Health

Older Koreans, Cambodians in LA County among most impoverished, new report finds

FILE: Seniors turned out last October to protest the sale of a group of Los Angeles retirement and nursing homes that serve older Japanese Americans. According to a new report released Wednesday, many Asian Americans over 50 face poverty, language barriers, limited access to health services and housing challenges.
FILE: Seniors turned out last October to protest the sale of a group of Los Angeles retirement and nursing homes that serve older Japanese Americans. According to a new report released Wednesday, many Asian Americans over 50 face poverty, language barriers, limited access to health services and housing challenges.
Josie Huang/KPCC

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While Asian Americans as a group appear well-off, a new report released Wednesday finds that many elderly Korean and Cambodians are more likely to live in poverty and without access to health care in L.A. County.

The report, produced by AARP and the nonprofit group Asian Americans Advancing Justice-Los Angeles, examines the status of the 480,000 Asian Americans and 11,000 Native Hawaiian and Pacific Islanders over age 50 living in the county.

Researchers said breaking out the individual ethnic groups provides a better understanding of the problems facing older Asian Americans, whose challenges may be masked when all are lumped together.

"The seniors are really the epicenter of having low income, high non-English-speaking populations, and having very distinct needs in health, rentals, et cetera," said Stewart Kwoh, executive director of Asian Americans Advancing Justice in L.A and KPCC life trustee (honorary). "So we really need to pay special attention to the 50-plus year and older populations."

According to the report, almost 90 percent of older Asian Americans are immigrants, which can impact the delivery of services and information to them. Many have limited English that restricts their ability to get basic services.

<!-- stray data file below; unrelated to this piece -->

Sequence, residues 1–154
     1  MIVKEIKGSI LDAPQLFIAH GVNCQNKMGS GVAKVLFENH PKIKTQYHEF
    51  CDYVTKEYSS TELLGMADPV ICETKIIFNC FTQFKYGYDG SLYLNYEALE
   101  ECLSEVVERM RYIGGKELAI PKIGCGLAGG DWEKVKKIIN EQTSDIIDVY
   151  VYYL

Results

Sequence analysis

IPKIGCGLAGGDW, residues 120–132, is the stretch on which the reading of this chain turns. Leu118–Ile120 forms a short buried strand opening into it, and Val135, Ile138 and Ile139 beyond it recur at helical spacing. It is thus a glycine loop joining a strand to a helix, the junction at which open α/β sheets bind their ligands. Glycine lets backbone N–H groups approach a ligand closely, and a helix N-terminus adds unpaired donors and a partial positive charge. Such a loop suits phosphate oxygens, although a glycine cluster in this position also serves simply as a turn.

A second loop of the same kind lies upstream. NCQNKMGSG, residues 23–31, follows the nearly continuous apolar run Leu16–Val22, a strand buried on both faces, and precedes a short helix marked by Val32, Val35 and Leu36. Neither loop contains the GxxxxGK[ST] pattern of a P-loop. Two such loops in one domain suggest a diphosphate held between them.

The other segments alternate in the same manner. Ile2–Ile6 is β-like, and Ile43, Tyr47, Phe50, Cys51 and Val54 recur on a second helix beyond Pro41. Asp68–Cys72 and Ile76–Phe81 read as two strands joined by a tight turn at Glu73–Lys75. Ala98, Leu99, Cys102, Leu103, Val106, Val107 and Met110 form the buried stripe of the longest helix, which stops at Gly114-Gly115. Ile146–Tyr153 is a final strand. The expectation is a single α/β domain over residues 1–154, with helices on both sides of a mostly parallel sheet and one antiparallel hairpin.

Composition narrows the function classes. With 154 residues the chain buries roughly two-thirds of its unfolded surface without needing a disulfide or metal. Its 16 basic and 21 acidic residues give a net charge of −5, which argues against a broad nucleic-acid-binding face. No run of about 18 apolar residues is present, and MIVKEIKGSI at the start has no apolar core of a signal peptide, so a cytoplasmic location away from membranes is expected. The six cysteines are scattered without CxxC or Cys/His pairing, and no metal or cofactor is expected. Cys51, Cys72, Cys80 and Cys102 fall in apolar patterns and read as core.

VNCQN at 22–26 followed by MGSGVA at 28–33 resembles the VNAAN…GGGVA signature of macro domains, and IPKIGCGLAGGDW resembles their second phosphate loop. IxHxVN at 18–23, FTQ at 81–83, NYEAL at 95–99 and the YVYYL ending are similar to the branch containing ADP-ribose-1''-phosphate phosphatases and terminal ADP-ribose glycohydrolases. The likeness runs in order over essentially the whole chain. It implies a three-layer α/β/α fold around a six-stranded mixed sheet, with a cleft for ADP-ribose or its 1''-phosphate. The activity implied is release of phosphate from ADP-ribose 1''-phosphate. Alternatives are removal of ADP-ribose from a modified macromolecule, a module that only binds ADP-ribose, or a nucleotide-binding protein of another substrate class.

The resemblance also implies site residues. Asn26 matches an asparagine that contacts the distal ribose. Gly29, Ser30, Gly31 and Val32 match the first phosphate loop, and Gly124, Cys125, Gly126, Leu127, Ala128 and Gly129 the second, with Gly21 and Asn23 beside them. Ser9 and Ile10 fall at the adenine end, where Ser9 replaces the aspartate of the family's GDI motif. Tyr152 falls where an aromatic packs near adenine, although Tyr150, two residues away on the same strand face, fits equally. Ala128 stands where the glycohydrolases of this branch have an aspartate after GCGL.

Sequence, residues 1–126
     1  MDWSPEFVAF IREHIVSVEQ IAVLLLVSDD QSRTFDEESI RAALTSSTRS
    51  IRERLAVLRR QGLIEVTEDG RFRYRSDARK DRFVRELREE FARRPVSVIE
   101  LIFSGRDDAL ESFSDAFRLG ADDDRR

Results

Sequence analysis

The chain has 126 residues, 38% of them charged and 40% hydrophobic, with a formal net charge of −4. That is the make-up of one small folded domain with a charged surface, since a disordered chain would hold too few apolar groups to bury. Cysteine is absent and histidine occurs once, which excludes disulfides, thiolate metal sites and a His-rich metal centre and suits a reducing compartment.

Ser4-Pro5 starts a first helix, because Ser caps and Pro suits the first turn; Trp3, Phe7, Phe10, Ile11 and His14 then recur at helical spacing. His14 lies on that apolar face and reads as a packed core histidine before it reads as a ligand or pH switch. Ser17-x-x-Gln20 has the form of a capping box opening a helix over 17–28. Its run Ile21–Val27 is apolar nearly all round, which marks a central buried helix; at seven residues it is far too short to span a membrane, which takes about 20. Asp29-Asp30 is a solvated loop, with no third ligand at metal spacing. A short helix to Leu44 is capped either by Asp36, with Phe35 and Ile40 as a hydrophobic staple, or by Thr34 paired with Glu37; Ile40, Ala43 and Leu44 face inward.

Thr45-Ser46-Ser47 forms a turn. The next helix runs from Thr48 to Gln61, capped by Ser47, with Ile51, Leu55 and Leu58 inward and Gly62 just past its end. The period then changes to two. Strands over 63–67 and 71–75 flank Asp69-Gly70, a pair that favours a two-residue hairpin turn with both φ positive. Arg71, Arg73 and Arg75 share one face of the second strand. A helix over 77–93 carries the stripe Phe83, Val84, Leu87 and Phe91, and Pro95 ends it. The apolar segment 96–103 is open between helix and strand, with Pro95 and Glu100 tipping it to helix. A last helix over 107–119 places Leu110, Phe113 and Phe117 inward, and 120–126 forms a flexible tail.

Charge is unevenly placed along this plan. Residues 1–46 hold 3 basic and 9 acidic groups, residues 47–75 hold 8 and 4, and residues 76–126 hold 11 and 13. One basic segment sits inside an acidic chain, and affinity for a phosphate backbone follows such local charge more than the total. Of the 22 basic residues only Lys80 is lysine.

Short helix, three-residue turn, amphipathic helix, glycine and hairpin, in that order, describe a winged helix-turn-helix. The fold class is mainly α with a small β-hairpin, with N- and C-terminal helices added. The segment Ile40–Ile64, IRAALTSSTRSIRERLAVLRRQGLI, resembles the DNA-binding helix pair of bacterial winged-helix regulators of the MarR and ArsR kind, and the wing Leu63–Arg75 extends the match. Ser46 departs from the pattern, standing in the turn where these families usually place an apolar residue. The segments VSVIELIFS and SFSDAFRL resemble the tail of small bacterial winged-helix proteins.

"Cambodians, Vietnamese, Koreans, Chinese and Thai residents have high rates of limited English, thus addressing language barriers is "critical to better serving Asian American older adults," the report states.

"The first thing is making sure there are enough services available in-language," said Connie Chung Joe, executive director of Korean American Family Services. She joined a panel Wednesday morning at the Japanese American National Museum downtown to discuss the report.

"I think right now we think about translating things into Spanish, but we don't think about translating them into the API (Asian-Pacific Islander) languages because there are so many of them," she said, "but if you want to serve seniors, that is the first thing you need to do."

Koreans and Cambodians over 65 are more likely than any racial group to live below the poverty line, researchers said. The two groups also have home ownership rates lower than any other racial grouping.

Some of those who rent have it especially tough. According to the report, nearly 40 percent of Cambodians over 65 spend at least half their household income on rent. And while elderly Japanese Americans have the highest home ownership rates, those who rent also struggle. Forty-four percent of Japanese Americans over 65 who rent spend at least half their income on housing.

Affordable senior housing is hard to come by, researchers said, with sometimes 10-year waits for senior housing.

Health-wise, Asians also are more likely than non-Latino whites to have high blood cholesterol and diabetes, while many Cambodians and Vietnamese Americans over 50 have cognitive challenges and difficulties living independently. At the same time, many lack access to health care, according to the report.

Educational attainment also differs by ethnic group. Only about 43 percent of older Cambodians, for example, hold a high school degree or higher.

The full report, "A Community of Contrasts: Asian Americans 50 and Older (Los Angeles County)," can be read below. 

 

This story has been updated.